'I was right in believing in myself': Nick Castellanos flourishes post-Tigers
Cincinnati — Nick Castellanos seems so much lighter these days. Not physically. He looks as lean and mean as ever at 29. But emotionally, professionally, it seems like he’s not carrying as much baggage around with him like he was during his final months with the Tigers.
He’s an All-Star now. Two and a half years removed from those last dark days in Detroit, days when being at the ballpark wasn’t nearly as joyous as they are for him now.
There he was Friday afternoon, throwing batting practice to his young son Liam on the field at Great American Ball Park. And Liam was raking, driving balls into the outfield from just a few feet in front of home plate.
With every line drive and every ball that cleared the infield, papa Nick would nod his appreciation to his son. Told that his son pounded baseballs like Victor Martinez’s son Victor did at Comerica Park back in the day, Castellanos smiled and said, “That’s high praise.”
Papa Nick is pounding baseballs, too. In the second year of a four-year, $64 million deal with the Reds, Castellanos is slashing .321/.377/.578 with an OPS-plus of 142. He’s got 26 homers and 78 RBIs and he’s helped the Reds to a half-game lead in the wild card race heading into play Saturday.
There have been reports that Castellanos will exercise the opt-out in his contract and enter the free agent market again after this season. Hold off on that for a bit.
"Nothing you heard has come from my mouth," he said Saturday before taking a round of early batting practice. "Any speculation about free agency is nothing that's come from my mouth. Right now, the only thing that's next for me is focusing on winning here.
“We have a chance to win here. I'm not going to squander that opportunity by thinking about something that's after the season."
Whether that narrative changes after the season or not — Castellanos will cross that bridge when he has to. Either way, he’s in a far different place professionally than he was in 2019. There was a time before that season Castellanos wanted to stay in Detroit. He wanted to be one of the pillars of the rebuild.
But he was 27 and making $9.5 million heading into his free agent year. The Tigers, still in full teardown mode, never came forward with a firm offer to extend his contract. And as the 2019 season chugged toward 114 losses, Castellanos started counting down the days to the trade deadline.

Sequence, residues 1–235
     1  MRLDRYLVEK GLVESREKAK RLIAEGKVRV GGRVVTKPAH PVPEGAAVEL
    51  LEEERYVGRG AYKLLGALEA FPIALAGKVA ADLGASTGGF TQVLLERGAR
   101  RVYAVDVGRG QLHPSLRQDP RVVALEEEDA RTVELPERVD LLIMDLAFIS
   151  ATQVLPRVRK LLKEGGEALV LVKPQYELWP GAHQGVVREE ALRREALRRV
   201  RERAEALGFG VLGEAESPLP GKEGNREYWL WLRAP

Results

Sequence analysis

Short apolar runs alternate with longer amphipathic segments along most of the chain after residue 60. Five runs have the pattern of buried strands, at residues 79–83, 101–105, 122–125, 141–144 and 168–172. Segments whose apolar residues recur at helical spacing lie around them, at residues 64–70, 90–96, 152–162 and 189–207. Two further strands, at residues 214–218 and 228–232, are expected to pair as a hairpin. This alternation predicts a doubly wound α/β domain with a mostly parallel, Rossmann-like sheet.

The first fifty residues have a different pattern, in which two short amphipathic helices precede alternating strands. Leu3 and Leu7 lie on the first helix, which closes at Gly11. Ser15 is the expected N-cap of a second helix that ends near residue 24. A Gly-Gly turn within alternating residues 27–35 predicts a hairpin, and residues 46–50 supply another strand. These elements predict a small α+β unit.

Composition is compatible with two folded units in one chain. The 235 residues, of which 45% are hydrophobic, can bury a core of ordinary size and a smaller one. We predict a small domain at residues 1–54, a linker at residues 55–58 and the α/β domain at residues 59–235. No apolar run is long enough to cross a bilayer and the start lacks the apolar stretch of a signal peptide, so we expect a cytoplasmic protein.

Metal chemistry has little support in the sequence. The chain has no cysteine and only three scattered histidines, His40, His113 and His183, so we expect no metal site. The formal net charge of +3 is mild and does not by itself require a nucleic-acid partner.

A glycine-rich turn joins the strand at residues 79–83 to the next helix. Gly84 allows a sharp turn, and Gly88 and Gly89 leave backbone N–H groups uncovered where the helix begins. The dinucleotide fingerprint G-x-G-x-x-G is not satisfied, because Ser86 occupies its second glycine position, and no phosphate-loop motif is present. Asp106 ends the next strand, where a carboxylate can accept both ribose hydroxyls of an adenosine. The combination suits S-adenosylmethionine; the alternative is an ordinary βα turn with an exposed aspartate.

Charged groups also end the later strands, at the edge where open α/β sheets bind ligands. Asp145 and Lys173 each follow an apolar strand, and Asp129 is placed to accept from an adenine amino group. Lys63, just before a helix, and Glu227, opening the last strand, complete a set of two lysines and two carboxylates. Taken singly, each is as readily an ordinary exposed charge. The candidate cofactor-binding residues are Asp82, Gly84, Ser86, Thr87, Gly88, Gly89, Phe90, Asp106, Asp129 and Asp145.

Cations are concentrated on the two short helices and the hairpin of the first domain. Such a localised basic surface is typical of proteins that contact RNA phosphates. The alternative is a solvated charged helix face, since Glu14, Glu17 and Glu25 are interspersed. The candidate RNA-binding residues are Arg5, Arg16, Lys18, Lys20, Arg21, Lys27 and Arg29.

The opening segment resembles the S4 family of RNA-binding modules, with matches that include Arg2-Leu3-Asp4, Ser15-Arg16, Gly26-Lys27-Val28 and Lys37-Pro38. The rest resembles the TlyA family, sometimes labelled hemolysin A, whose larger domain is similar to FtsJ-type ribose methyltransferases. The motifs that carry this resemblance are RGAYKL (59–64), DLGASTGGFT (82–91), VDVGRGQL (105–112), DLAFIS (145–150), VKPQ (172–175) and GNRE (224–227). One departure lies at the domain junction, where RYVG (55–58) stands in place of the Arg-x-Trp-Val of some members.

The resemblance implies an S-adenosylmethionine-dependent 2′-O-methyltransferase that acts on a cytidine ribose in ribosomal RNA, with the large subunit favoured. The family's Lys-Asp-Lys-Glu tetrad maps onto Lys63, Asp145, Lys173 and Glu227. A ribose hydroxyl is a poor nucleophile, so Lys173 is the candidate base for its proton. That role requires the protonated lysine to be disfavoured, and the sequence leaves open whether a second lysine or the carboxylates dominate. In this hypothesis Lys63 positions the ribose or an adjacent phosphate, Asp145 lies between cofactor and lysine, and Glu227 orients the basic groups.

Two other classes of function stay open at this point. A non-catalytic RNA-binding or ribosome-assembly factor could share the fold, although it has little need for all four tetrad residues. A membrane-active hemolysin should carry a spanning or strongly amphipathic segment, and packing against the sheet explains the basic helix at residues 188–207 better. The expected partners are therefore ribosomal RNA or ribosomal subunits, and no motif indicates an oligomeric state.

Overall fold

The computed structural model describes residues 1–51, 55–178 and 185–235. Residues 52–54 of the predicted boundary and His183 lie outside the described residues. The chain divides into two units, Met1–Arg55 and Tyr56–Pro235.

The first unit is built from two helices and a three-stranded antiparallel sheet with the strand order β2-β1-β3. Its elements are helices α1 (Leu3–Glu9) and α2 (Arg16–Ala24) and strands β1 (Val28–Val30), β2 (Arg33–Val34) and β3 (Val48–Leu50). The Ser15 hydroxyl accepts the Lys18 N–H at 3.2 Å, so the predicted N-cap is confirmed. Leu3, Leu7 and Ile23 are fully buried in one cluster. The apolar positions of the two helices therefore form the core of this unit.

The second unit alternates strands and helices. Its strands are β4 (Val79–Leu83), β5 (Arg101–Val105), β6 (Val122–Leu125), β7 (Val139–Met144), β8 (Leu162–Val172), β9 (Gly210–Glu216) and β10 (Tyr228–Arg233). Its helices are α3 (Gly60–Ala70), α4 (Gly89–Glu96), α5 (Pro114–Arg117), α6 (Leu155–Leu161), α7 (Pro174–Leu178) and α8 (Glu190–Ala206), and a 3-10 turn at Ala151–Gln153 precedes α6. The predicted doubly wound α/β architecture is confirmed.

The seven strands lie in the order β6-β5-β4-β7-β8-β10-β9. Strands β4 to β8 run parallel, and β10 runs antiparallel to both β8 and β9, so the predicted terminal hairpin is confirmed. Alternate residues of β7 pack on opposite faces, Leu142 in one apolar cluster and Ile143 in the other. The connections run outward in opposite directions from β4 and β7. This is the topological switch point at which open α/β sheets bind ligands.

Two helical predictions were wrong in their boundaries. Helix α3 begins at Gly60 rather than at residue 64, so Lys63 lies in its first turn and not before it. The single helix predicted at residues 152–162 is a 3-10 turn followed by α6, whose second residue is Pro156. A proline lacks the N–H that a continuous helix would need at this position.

On July 31, hours before the deadline, Castellanos was about to come out to the on-deck circle to bat in the first inning against the Angels in Anaheim. He was hastily called back in and informed he’d been traded to the Cubs for pitching prospect Paul Richan and current Tigers reliever Alex Lange.
He was asked Saturday if what he’s done since he left Detroit — 56 homers, 148 RBIs, a .321 average with the Cubs in 2019 and again this season — has given him any sense of validation.
“The validation is I was right in believing in myself and who I am as a player,” he said. “It’s true, man, when you have a great player and the organization is in a time period where winning is not a priority, the culture can affect the spirit of the individual who is going out and playing every day.”
Instead of being embittered, which he seemed to be in his final days with the Tigers, he became ultra-motivated.
“I think that’s all there is,” he said. “It’s the nature of the business. Where I was in ’19, they didn’t feel like I was a piece they could build around. At the end of the day, all that did was put a little more gas on the fire.”
He’s caught up with the few former teammates that still remain with the Tigers. He had a long talk with Miguel Cabrera and Jeimer Candelario before the game Friday. He caught up with the Tigers medical and training staff.
He was locked into Cabrera’s quest for 500 home runs, too.
“Of course I was present to that,” he said. “That’s history and Miggy is one of my favorite teammates I’ve ever had.”
Told the quest brought Comerica Park back to life for a week, Castellanos nodded.
“That should show the league how important players are to baseball still,” he said. “That you can’t live and die by analytical formulas and expect a city or people to relate to that. If there is anything that Miggy’s quest to 500 should tell you, it’s that players are important to the game. They put the (butts) in the seats.”
As he was already three strides toward the batting cage, Castellanos was asked to assess his general state of being these days.
“I’m happy, man.”